Romney is not seen as a true conservative.

Who's winning, who's losing, and why.
Feb. 6 2008 12:36 AM

McCain Not Stopped

But Romney is not seen as a true conservative.

John Dickerson was online on Feb. 7 to chat with readers about this article. Read the transcript.

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Mike Huckabee

If Karl Rove thought claims about the conservative crackup were premature, the voters didn't listen. The early election results Tuesday suggested the GOP is still deeply split.

John Dickerson John Dickerson

John Dickerson is Slate's chief political correspondent and author of On Her Trail. Read his series on the presidency and on risk.

This week, conservative commentators like Rush Limbaugh, Laura Ingraham, and Ann Coulter all rallied against John McCain, telling their listeners to back Mitt Romney. Forget Huckabee, they've argued, a vote for him only ensures that the apostate McCain will win. On Tuesday, James Dobson, the religious broadcaster, blasted McCain: "I am convinced Senator McCain is not a conservative and, in fact, has gone out of his way to stick his thumb in the eyes of those who are. He has at times sounded more like a member of the other party."

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These loud voices of protest were thoroughly ignored. Conservatives did not rally to Mitt Romney. They rallied to Mike Huckabee, who won Georgia, Arkansas, Tennessee, and Alabama. "A lot of people have tried to say that this is a two-man race," he said after winning, "You know what? It is, and we're in it."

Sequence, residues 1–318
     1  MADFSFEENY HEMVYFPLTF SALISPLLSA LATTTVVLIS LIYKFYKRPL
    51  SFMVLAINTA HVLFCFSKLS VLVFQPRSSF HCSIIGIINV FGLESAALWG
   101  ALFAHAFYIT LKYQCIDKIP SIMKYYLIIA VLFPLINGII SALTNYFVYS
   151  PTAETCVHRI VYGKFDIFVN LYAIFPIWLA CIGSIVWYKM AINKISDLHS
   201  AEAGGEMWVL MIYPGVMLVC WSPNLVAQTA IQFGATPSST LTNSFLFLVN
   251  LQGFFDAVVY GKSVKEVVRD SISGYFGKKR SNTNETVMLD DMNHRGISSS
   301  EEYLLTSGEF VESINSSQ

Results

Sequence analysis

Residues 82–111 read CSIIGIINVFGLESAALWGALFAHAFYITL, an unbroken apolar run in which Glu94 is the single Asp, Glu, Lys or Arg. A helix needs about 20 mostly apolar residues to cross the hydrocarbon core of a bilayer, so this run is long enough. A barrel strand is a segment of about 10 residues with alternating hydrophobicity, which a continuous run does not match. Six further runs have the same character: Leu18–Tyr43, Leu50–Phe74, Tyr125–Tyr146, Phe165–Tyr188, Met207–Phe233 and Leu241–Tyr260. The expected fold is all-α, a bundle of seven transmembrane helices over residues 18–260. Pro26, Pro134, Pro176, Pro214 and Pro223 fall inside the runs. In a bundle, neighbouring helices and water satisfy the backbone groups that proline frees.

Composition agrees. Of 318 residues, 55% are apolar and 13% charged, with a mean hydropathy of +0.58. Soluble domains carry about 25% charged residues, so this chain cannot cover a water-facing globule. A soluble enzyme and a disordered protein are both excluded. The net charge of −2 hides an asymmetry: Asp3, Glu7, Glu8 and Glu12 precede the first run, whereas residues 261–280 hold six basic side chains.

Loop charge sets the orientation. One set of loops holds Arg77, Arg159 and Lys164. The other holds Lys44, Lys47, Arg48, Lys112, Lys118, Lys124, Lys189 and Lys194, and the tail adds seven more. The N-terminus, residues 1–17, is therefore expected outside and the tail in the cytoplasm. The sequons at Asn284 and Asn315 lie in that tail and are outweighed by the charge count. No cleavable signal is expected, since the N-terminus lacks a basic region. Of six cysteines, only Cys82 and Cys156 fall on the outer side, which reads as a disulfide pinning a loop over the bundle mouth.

That was a stretch, but Huckabee could argue Romney was out of the running because in the ideological and geographic heart of the Republican Party, Romney could not make a scratch, just as he couldn't in the South Carolina primary. In Arkansas, Tennessee, and Alabama, he didn't even come in second. For Romney, the problem is not just that he couldn't win the delegates, but that he could not make the sale to Republicans at the heart of his party. He has spent money, bought organization, and now has the firepower of revered conservative voices behind him, and he still can't win.

This is the worst possible outcome for those who want party unity or to stop John McCain. While Romney was denied, McCain won New York, Oklahoma, New Jersey, Connecticut, California, and Missouri and racked up delegates, putting him closer to the nomination. The states at play in future contests are only going to get better for him and worse for Romney.

Despite winning some Southern contests, Huckabee isn't going to win the nomination. However, the thorough repudiation of those who would speak for conservatives no doubt delights him, since they have regularly targeted him, as well. Perhaps Huckabee will get his own radio show.

Exit polls nevertheless show that McCain's problems with conservatives run deep. He lost among conservatives in almost every state except Connecticut and New Jersey, where he split them evenly with Romney. McCain also lost conservatives even in the states he won. Conservatives went for Romney in New York and Illinois. "Hard to do well with conservatives when everyone with a microphone is beating hell out of us," says a top McCain aide. While the conservative voices weren't enough to stop McCain, or to elect their guy, tonight they were enough to bruise him.

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